How to Make DIY Vinyl Bats

I love how potters are so good at coming up with studio uses for waste materials. This resourcefulness saves countless items from ending up in the landfill, and helps save money to boot! 

In today’s post, an excerpt from the May 2023 issue of Ceramics Monthly, Dan Ingersoll shares how he made use of leftover vinyl plank flooring from a recent home improvement project to make bats. The bats were easy-to-make, durable, and a fraction of the cost of new plastic bats. Way to go, Dan! 

I recently put some new flooring in my home and used smooth-textured, click-together, luxury vinyl planks. Mine were 12 inches wide by 24 inches long, which is a common size. I decided to try using leftover pieces to make some bats. The result was a relatively thin (8mm thickness), strong, flat, waterproof, and durable bat comparable to the plastic bats that are commercially available. If you have access to a table saw and a drill press, you can make a bunch of bats in an hour or less. A jigsaw and a hand drill will work, too.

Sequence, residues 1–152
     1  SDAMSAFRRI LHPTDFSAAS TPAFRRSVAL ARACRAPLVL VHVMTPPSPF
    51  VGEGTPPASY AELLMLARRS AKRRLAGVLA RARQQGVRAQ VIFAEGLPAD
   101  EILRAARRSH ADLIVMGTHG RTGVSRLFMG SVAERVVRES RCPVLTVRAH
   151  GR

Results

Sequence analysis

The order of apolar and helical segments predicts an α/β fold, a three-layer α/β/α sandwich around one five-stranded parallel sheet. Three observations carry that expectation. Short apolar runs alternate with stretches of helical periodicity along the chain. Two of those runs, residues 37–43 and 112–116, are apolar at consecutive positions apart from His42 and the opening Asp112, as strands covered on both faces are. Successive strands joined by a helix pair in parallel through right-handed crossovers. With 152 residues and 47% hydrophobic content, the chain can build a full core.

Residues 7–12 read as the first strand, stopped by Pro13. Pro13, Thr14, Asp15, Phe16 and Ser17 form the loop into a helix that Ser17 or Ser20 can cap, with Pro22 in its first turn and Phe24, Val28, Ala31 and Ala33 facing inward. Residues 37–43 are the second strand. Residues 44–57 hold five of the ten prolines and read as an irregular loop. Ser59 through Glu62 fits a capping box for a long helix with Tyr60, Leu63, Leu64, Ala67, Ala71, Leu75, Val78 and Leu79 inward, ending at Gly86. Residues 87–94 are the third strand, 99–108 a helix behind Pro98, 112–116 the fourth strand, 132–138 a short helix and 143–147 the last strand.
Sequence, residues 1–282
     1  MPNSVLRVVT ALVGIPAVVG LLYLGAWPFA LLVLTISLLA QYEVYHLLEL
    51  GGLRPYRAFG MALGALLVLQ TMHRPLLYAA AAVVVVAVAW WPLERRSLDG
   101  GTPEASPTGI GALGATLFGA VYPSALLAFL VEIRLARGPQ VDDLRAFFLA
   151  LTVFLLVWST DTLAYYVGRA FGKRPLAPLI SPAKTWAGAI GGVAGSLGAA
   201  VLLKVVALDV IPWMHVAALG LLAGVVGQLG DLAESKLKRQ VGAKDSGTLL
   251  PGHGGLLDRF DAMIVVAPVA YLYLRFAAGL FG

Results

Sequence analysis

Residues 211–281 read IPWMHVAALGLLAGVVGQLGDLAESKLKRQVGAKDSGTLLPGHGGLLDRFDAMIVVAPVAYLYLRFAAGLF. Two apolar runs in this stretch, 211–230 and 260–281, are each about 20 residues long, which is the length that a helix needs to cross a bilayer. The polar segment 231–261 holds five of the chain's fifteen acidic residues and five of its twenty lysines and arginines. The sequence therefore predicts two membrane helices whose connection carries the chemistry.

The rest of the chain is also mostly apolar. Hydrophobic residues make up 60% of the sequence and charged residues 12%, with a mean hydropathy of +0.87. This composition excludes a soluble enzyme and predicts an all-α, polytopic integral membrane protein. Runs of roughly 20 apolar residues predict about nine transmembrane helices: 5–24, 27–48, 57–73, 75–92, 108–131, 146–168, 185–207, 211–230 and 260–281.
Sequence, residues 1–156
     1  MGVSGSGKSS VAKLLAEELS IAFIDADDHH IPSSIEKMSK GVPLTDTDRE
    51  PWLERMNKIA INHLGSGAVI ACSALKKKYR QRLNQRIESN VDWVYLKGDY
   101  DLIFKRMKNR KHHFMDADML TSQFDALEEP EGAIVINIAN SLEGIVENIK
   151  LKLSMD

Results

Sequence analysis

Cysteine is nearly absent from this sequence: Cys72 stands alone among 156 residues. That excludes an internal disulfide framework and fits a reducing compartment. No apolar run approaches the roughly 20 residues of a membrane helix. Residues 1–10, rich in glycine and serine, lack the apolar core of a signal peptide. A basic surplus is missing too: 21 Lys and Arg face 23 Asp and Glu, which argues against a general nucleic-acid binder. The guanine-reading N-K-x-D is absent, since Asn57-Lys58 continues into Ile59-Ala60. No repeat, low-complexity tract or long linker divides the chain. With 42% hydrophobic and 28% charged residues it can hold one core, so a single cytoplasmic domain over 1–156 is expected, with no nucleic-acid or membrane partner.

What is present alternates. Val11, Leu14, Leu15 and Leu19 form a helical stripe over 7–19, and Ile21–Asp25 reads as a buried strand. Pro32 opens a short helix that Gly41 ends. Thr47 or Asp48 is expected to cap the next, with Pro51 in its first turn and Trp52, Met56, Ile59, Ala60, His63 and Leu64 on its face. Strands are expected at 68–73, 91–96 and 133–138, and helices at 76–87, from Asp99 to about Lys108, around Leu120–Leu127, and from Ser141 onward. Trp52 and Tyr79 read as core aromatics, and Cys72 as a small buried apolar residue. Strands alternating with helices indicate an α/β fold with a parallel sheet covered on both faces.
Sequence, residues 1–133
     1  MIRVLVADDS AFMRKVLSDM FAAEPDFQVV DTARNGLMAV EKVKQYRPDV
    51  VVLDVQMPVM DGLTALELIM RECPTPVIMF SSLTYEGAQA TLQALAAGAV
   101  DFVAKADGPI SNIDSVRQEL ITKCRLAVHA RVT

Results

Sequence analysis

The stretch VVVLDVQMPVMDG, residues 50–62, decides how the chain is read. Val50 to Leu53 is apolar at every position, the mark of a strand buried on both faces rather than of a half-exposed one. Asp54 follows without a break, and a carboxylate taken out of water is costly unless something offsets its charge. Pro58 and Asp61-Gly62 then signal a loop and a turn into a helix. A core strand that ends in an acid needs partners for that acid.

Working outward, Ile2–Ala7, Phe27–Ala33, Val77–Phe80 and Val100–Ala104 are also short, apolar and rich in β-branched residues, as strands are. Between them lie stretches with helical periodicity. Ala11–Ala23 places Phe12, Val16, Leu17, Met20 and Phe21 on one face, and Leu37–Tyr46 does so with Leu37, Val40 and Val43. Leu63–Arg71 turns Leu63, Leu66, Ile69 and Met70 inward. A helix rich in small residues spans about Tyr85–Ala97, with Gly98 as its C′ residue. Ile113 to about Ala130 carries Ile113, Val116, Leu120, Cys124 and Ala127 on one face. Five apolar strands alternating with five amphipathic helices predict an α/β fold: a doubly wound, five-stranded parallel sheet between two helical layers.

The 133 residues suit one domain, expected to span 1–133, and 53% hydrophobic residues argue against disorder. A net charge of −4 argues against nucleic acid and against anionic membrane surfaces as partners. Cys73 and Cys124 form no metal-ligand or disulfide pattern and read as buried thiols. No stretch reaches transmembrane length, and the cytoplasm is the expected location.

1 A square bat with sample tiles, 3/8-inch dowel centers, and a 3/8-inch brad-point drill bit.

2 Use 3/8-inch dowel pins and a 3/8-inch brad-point drill bit to create holes in the tile that will be compatible with a wheel head.

First, I set up my saw to remove the edges that are designed to click together and then I cut the planks in half to arrive at a 12×12-inch square bat. To add bat-pin holes, use a well-fitting bat that already has pin holes in it as a template. Pick up a couple of 3/8-inch dowel centers along with a 3/8-inch brad-point bit from the hardware store (1, 2). Insert the dowel centers into the holes on the existing bat with the points facing up (3). For perfect alignment every time, center your new bat over the bat with the pins in it and push down to create center marks. Use a drill press and the 3/8-inch brad-point drill bit to make holes at marked center points.

3 Use a commercial bat as a reference to mark the pinhole centers.

Most of this type of tile has a rubber backing cushion. On the ones I used, it was firmly bonded, so I left it in place. It is a nice surface to trim on. A dampened pot rim adheres nicely to the surface. I have noted that with cheaper brands, the backing has not adhered as well, in which case I pull it off. Now it’s time to get busy and throw pots.

A note on price—commercial plastic bats of a similar size cost around $24. Luxury laminate planks run from $3–7 per square foot. So, that is the cost of making each bat, unless you are using leftover scrap material. You might also be able to find a bargain at a flooring warehouse on open-box or discontinued tile.


Original Source

Similar Posts